A self-described “dorky dad,” Peter Hollens is an American singer, songwriter, and producer best known for his a cappella cover songs on YouTube. His online videos have reached more than 400 million viewers since he started posting in 2011, and his eponymous YouTube channel has surpassed 1.5 million subscribers.
“I believe that the future of music is one in which it goes hand-in-hand with technology,” said Hollens of his success as a new creator and online music artist. He also teams up with other YouTube artists like violinists Lindsey Stirling and Taylor Davis. “The next golden era of music and creation in general has to occur vis-a-vis technology. You can’t say that it’s analog. It doesn’t make sense anymore. You have to look forward.”
Hollens uses a wide variety of online platforms — everything from Spotify and SoundCloud to YouTube and other social media channels — to reach millions of fans and earn revenue from his music. For his popular cover songs of Disney tunes, the Star Wars theme, and other artists, Hollens relies on the fair use doctrine to build upon other artists’ creations and transform them into new works.
Hollens has also encouraged his fans to build off of his own works. Last year, he initiated a cover contest, urging fans to create and submit their own videos based off an original song from his Christmas album. He received 525 entries, of which he believed the vast majority were fans’ first forays into the online music space. “I feel like you have to teach and encourage people to start, and when they do, creativity is only going to exponentially grow,” he said.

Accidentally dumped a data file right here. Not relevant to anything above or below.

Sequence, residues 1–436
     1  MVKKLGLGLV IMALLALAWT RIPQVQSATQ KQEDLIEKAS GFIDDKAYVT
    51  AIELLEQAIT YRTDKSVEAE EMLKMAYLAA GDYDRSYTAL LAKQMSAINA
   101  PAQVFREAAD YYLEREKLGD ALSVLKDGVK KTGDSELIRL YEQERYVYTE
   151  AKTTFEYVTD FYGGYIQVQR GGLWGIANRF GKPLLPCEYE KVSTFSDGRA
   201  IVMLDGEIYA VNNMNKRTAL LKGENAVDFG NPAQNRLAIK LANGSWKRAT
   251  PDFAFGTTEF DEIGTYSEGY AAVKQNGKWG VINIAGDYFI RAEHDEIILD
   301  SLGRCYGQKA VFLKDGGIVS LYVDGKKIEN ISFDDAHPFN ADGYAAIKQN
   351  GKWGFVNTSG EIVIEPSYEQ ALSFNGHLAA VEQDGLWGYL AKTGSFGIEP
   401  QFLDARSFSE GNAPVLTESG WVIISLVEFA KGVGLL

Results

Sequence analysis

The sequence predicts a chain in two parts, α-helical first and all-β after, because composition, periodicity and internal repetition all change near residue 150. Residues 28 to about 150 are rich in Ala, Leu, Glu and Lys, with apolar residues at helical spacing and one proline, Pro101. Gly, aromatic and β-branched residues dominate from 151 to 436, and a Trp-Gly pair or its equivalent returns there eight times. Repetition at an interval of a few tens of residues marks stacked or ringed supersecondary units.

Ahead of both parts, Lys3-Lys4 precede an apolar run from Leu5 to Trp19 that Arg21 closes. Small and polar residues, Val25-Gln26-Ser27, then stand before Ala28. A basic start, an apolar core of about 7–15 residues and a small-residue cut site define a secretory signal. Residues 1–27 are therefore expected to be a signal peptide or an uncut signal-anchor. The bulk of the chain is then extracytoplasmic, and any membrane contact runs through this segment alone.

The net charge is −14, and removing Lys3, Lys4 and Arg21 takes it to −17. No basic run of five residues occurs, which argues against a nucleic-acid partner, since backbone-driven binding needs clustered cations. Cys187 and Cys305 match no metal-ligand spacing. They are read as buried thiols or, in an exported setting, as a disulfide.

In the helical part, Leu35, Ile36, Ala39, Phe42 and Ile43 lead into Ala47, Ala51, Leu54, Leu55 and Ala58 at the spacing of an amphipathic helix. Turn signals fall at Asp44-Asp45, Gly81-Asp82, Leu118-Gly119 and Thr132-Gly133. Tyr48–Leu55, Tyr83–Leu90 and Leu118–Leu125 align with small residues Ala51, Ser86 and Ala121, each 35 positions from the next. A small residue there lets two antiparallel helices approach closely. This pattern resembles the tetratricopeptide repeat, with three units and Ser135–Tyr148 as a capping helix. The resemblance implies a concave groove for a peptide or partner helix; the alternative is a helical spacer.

Hollens is a strong believer in the power of working alongside artists by covering their original works. In his eyes, this allows both parties to succeed in regards to monetization and brand recognition. “It’s not about ‘saving’ the original work, it’s about expanding its reach and allowing all artists to profit from more creation and more content,” he said.
Some critics of online music have proposed policies like “notice-and-staydown,” which would hold tech companies like Facebook, YouTube and Etsy responsible and liable for the copyright infringement of their users. Citing the Digital Millennium Copyright Act’s safe harbor provision as a key reason for his online success, Hollens is concerned that a copyright system with “notice-and-staydown” would lead to over cautious and overly broad copyright policies, place undue burdens on tech platforms, and result in a decline in online creativity.
Overall, Hollens wants to make sure copyright law allows more people to do what they love for a living. “We’re born creators. We’re supposed to be doing this,” he said.